If this book were a work of fiction, describing murder and intrigue in the Middle East around the end of the Cold War, it would rank as a masterwork along with the best of Forsyth and le Carre. Tragically everything John Ashton has written has a ring of truth and every piece of evidence is cross-referenced to an authoritative source.
John Ashton worked for many years as a researcher on the case and in that capacity he had legitimate access to the massive report from the Scottish Criminal Cases Review Commission, which carried out its own enquiries for many years and concluded that there were several major reasons why the original trial decision was unsound and Mr Megrahi should be allowed a second appeal. (Incidentally, contrary to what has often been said by British and American public figures, the first appeal was limited to very technical matters so that the judges were not asked to review the actual evidence at all.) The SCCRC report remains officially secret, even the Scottish Justice Secretary saying recently that he had not seen it, so Mr Ashton's book deserves a special status as a major part of the historical record.
Devastatingly for the reputation of the Scottish justice system and its denizens the tragedy of Lockerbie continues to blot our legal landscape and will continue to do so until the name of Mr Megrahi is cleared and the victims of the disaster get the closure they all deserve. As the book shows, the first could have happened before now had the cancer-stricken appellant not withdrawn his case, apparently in the hope that it would help achieve his desire to die at home with his family. Matters had not been helped by the Crown Office delaying the process of the second appeal with various technical and ultimately unsuccessful challenges. The second, closure, can only be found if and when the true facts become clear. That will depend on much greater will on both sides of the Atlantic to open official records than presently exists.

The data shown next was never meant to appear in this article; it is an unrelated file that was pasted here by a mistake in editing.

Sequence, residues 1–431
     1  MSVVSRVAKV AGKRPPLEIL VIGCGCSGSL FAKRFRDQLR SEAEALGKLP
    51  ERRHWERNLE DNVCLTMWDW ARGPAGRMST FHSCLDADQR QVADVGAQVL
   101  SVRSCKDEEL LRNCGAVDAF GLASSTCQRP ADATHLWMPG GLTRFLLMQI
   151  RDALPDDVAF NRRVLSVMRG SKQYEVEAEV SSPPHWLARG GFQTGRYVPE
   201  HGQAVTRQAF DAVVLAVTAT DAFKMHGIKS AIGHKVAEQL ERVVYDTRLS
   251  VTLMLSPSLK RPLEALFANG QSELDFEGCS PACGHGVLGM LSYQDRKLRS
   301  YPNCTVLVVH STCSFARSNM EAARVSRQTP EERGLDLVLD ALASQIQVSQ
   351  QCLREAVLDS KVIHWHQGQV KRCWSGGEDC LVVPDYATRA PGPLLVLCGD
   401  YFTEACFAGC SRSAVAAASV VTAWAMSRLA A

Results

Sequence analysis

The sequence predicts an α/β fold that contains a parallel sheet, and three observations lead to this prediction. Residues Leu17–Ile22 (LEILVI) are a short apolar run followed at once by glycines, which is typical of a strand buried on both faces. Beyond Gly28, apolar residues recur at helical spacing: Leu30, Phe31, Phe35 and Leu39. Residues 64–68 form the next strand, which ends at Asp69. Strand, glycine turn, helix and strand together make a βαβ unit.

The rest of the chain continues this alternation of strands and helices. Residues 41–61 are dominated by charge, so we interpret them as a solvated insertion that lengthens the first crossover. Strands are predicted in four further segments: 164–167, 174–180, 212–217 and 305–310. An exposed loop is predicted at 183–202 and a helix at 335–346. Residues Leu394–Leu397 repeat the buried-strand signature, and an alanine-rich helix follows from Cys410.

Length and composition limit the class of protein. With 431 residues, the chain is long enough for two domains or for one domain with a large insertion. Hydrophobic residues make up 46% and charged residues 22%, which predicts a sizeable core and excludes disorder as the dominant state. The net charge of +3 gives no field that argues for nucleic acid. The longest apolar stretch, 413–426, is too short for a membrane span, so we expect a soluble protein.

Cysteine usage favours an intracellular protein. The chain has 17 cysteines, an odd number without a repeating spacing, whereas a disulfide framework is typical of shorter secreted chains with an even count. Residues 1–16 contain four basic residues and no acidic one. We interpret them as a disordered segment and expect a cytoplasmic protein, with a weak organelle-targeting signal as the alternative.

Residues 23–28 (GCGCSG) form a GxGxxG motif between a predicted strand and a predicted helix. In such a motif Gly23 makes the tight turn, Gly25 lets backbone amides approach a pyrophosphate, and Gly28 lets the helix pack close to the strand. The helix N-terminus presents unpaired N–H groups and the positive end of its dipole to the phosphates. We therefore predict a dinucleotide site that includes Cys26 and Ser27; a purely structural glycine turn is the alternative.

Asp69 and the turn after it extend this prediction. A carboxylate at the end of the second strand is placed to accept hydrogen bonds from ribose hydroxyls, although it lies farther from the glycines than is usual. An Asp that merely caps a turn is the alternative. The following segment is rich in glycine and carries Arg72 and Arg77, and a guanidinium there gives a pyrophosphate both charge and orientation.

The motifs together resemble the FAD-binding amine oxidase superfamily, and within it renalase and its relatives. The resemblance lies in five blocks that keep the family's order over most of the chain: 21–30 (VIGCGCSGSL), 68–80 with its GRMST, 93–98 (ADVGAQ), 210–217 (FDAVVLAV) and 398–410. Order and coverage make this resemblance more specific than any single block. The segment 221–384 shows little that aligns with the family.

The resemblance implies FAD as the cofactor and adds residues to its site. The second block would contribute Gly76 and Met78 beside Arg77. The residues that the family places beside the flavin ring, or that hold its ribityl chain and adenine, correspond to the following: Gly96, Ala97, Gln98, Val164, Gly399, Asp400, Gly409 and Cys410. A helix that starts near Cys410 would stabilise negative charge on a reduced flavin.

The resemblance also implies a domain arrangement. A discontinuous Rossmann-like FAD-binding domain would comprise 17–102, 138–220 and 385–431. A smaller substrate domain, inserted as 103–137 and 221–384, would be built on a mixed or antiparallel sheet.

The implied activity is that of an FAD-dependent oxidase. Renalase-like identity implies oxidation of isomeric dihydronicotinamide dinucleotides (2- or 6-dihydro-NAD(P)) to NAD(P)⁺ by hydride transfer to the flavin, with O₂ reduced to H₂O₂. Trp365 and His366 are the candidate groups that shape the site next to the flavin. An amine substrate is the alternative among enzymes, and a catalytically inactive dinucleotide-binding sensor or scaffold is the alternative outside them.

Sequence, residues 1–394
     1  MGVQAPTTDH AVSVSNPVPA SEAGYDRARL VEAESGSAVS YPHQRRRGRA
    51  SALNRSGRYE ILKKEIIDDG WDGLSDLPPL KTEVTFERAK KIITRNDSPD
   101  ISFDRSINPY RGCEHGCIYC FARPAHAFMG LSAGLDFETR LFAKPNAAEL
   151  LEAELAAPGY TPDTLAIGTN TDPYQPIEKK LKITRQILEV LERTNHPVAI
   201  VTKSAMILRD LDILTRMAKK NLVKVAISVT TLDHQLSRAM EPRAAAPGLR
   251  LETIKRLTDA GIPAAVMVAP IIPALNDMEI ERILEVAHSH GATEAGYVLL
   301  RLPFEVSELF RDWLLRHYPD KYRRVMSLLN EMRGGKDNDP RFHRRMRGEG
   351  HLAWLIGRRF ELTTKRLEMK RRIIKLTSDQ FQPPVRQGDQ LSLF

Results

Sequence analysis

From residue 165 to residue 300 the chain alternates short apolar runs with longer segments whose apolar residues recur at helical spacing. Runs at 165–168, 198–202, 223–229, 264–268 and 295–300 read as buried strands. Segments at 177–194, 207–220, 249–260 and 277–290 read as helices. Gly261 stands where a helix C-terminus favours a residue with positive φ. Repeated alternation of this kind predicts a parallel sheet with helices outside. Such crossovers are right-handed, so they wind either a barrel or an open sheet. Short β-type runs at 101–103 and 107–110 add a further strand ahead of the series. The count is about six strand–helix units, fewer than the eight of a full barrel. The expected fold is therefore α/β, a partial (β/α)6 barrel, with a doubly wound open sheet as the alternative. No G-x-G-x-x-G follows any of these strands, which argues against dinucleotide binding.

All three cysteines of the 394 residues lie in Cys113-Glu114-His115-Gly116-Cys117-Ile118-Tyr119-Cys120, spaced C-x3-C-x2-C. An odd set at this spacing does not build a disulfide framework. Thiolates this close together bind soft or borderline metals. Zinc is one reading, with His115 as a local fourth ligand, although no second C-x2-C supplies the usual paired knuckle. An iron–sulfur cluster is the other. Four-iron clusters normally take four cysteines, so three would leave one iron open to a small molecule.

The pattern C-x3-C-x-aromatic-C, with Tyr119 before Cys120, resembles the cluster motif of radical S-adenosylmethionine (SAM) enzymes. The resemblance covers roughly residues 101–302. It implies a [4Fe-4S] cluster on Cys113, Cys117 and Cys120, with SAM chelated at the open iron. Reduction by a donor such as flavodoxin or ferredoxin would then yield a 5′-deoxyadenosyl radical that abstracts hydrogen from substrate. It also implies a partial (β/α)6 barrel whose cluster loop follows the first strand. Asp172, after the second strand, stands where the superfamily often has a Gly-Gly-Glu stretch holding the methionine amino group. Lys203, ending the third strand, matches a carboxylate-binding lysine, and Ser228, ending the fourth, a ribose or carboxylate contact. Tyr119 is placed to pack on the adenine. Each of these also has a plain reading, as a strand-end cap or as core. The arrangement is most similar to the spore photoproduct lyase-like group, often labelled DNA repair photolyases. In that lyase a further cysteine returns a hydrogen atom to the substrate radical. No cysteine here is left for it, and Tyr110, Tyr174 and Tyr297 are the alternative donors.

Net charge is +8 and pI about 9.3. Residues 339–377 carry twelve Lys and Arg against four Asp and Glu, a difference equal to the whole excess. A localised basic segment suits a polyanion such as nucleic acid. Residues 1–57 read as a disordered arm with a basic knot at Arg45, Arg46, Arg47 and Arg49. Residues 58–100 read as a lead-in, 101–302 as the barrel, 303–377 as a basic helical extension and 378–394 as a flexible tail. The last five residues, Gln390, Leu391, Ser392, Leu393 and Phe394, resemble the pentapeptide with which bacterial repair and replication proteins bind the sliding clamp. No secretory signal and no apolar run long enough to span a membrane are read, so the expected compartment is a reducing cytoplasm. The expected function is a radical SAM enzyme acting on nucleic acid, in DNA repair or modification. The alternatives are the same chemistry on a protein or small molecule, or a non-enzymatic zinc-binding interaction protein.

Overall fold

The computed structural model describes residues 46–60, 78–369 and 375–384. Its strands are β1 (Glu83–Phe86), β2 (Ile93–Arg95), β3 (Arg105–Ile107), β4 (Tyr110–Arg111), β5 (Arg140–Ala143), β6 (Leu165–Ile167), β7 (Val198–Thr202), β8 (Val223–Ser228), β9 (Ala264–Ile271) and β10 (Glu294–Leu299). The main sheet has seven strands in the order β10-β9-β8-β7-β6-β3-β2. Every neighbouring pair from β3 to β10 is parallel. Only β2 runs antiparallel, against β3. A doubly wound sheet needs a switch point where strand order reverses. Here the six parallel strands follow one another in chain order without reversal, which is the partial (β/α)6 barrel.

Like many other Scots I was horrified by the original disaster and have followed events ever since. In the early years almost everything in the Press seemed to direct suspicion towards Iranian and/or Palestinian involvement with Libya hardly being mentioned. There were references to the previous shooting down of an Iranian plane carrying pilgrims to Mecca by the USS Vincennes, a horrific atrocity which resulted in the crew of the warship receiving awards. It seemed obvious that Iran would seek some revenge for this. Accordingly it was a surprise to find attention being changed to Libya some years later.
As a lawyer I followed the case in the Press and studied the trial judgement when it was published online. I was not a specialist in criminal work but it seemed that the judges had made some logical leaps to justify their verdict, there being for example nothing to suggest how Mr Megrahi was supposed to have engineered the placing of the bomb on the plane at Luqa Airport, where the judges declared the security to be exemplary. Incidentally I think most if us feel more secure flying to small provincial airports where security is invariably direct and personal rather than enormous hubs such as Frankfurt or Heathrow. I am not alone in my views and I doubt if one could find a lawyer who, having read the judgement, would argue that it was sound (outside, perhaps, government circles). Circumstantial cases can be very strong but every link must match up and a major problem with this one was that the star witness Mr Giaka was found to be in the pay of the CIA and unreliable so that his evidence had to be almost totally disregarded.
John Ashton's book describes all these events in detail and then takes us on a journey to the present. It is an important part of a story which continues to unfold and of huge importance not just to those of us who live in Scotland but to all who are concerned with the way events and their coverage are controlled in a supposedly free society.